Stanley Hauerwas on Writing

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Time once named him “America’s Best Theologian.”  Over at The Chronicle of Higher Education, Stanley Hauerwas talks writing with Rachel Toor.  Here is a taste of the interview:

What does it mean to write “interestingly”?

Hauerwas: Well, trying to help us recover what extraordinary and odd things we believe as Christians — things such as God is to be found in a Palestinian Jew. That is a conviction that calls into question the sentimentalities that are confused with Christianity in the world as we know it. When you take seriously what we believe as Christians, it puts a pressure on how you say what needs to be said. I think that is why some of the greatest theologians — people like John Henry Newman — were also some of the greatest writers of their time.

I still have occasion from time to time to have to read something I wrote in the past that is clear evidence that I did not know how to write. I’ve learned that I think by writing. There is just no substitute for writing over and over again.

I am still not happy with everything I write, but every once in a while I write a sentence I take pleasure in. I tell my graduate students that they must learn to write well, and the way that you learn is by doing. I want them to copy me. I often say I do not want students to make up their own minds. I want them to think like me as well as write like me — only differently. By that I mean they should care about what I care about, but what I care about should force them to find their own voice.

How did you develop as a writer?

Hauerwas: I am a reader. Perhaps undisciplined, but reading makes writing possible. Reading will not necessarily make you a good writer, but it cannot hurt. I’ve learn to write through imitation.

Genre also matters. In particular, I have the opportunity to preach occasionally, and sermons allow me to engage in a rhetoric that I like to think is eloquent. I publish sermons along with more-academic essays because I want to show how they are interrelated. Namely, I try to show how, if you believe that out of all the peoples of the world God chose Israel to be the promised people, you cannot help but write with a difference. That difference, I hope, reflects the glory that is God.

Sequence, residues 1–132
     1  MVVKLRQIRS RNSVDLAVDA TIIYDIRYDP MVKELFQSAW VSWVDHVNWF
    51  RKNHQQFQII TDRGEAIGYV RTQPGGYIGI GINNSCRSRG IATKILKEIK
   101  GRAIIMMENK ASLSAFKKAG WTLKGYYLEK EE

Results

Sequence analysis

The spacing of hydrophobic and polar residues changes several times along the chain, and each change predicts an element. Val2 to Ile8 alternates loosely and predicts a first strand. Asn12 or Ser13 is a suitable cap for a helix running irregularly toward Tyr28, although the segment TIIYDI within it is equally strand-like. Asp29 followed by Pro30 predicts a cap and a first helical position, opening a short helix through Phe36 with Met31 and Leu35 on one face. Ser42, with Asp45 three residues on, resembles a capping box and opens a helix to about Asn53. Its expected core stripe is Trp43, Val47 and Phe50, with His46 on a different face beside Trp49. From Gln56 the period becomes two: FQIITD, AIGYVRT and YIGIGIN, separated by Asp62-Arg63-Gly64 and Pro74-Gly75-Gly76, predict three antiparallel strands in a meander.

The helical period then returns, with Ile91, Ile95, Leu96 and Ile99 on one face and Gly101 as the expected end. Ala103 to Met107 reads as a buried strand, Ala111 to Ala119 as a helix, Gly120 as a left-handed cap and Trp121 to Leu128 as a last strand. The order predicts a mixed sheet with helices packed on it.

You are known for doing “narrative ethics.” Can you talk about that?

Hauerwas: I was in graduate school at Yale, training to be a Christian ethicist. Both philosophical and theological ethics was focused on decisions allegedly determined and justified by deontological or teleological systems. I was reading Aristotle, for whom the virtues were central. I was also influenced by Iris Murdoch’s claim that decisions are what you do when everything else has been lost. So I focused on character, which, as most novelists will tell you, is captured through a narrative. It is only through stories that we can make sense of the seemingly unrelated events that we call our lives.

I also began to think that practical reason is fundamentally about how we can narrate our lives. Such a narration draws on the contingent facts that make us who we are — I am a Texan. I am a Yalie. I am a Christian.

I was playing around with these ideas when Alasdair MacIntyre’s book After Virtue was published — and the rest is history. He made the intuitions with which I was working respectable. Alasdair is a great philosopher who claims me as a friend. I have learned much from him.

There is, of course, a theological side to all this. I believe Christianity is one hell of a story about the way things are, not least being that our very existence is a gift. That is the contingency rightly called “creation.” I was fortunate to have Hans Frei as a teacher. It was from Frei I learned to read Karl Barth, whose work can be read as one long story — long because the story has many subplots.

Your publishing output is astronomical. How do you get so much done?

Hauerwas: I was raised a bricklayer. All I have ever known is work. In my memoir, Hannah’s Child, I tried to describe what it means to come from working-class people and end up in the academy. We lack the manners and gestures of the classes — and it is a class matter — that dominate life in the university. I have been a teacher for over 45 years, which means, given my family background, I have never had to work for a living.

I have tried to do what I have been asked to do. I have written books, but most of my books are collections of essays written because someone asked me to write or lecture about this or that. I bring the essays together to give the impression that they constitute a book. I do not want to be too self-deprecating, because I think I do make some interesting and coherent arguments.

Read the entire interview and Toor’s introduction here.

One thought on “Stanley Hauerwas on Writing

  1. Dr. Hauerwas must be not only a good but a great writer if the standard for judgement is mere wordsmithing. His oeuvre shows true ambidexterity. Like the fish who can thrive in both saltwater and freshwater, Dr. Hauerwas’ name surfaces in both liberal and in moderately conservative circles. His teaching position at theologically elastic Duke has provided a perfect position for disseminating not only theological “yeas” and “nays”, but just about every point betwixt the two.

    We are all reminded of the old shell game at the county fair. The showman puts the pea underneath one of the three identical cups after which he deftly and rapidly moves and changes the cups’ positions. “Now you see it——now you don’t. Where is the pea?” Hauerwas is a skilled writer, and the carnival gamester is a skilled entertainer. One role requires scholastic polish while the other requires street smarts and showmanship.

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